Mold is always associated with moisture
The main cause of mold infestation in any facility is the presence of too much moisture in the air. To ensure that this does not have a negative effect on the quality of the cellar, you might need to put in place a few measures to ensure that this does not occur. One of the things you can do is to target the things that often lead to water logging in such a space. Some of these include:
• Fix the foundation: Defects in the foundation such as cracks often contribute to the seepage of water into the basement. In order to prevent the growth of mold in such areas, you would need to first fix such problems before you can then do other conversions to turn the facility into a cellar. You will need the help of an expert in this field in order to get this right. It might sound expensive to do this particularly if the problems are extensive, but it’s usually well worth it. Remember, making sure that the area is not too wet will also protect other items in the cellar such as wooden shelves.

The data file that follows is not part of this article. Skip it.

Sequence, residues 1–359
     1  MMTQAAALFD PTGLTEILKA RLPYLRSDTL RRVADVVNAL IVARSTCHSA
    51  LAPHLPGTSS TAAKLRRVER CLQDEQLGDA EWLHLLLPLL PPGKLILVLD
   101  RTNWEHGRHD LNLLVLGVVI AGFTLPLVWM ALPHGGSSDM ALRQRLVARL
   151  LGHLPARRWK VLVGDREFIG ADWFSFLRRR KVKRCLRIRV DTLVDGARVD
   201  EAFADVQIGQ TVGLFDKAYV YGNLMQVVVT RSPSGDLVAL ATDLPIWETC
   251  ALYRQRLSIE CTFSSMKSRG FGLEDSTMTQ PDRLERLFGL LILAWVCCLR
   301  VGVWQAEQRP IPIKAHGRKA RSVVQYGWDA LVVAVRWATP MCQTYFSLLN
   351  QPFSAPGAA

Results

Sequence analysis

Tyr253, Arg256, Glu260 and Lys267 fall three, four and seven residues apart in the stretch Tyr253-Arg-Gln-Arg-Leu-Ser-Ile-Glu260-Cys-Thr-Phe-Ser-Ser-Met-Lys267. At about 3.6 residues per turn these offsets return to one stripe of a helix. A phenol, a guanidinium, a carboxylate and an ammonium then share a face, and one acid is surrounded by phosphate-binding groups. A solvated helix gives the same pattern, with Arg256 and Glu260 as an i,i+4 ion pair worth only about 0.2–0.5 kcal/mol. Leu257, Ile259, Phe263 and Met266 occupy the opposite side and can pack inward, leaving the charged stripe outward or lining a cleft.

• Waterproof the cellar area: In addition to fixing defects in the walls and the foundation, you might also want to waterproof the area as well. This involves using a nonporous material to line the areas that are susceptible to seepage, which in turn reduces the risk of the area becoming damp.
• Secure home exterior: You also need to make a point of inspecting the outside of the house, particularly the area that surrounds the basement. If it turns out that it’s shaped in such a manner that water tends to pool close to the house, you might need to make changes in order to make it flow away from the house. This reduces the risk of damage due to standing water.
Air conditioning the wine cellar space to defeat mold
The presence of fresh air circulating within the basement also has the effect of reducing the chances of mold accumulating in the area. For this reason, you should also plan to make sure that the basement is properly aerated. You can do this by installing air conditioners in the area, or by simply making sure that it’s well ventilated. This is a process that might cost you more money, but it will turn out to be worth it in the end. You can use the device to control the temperature within the room, and to also make sure that the risk of mold infestation is reduced. This is especially so if you decide to use an air conditioner with a high quality filter within it.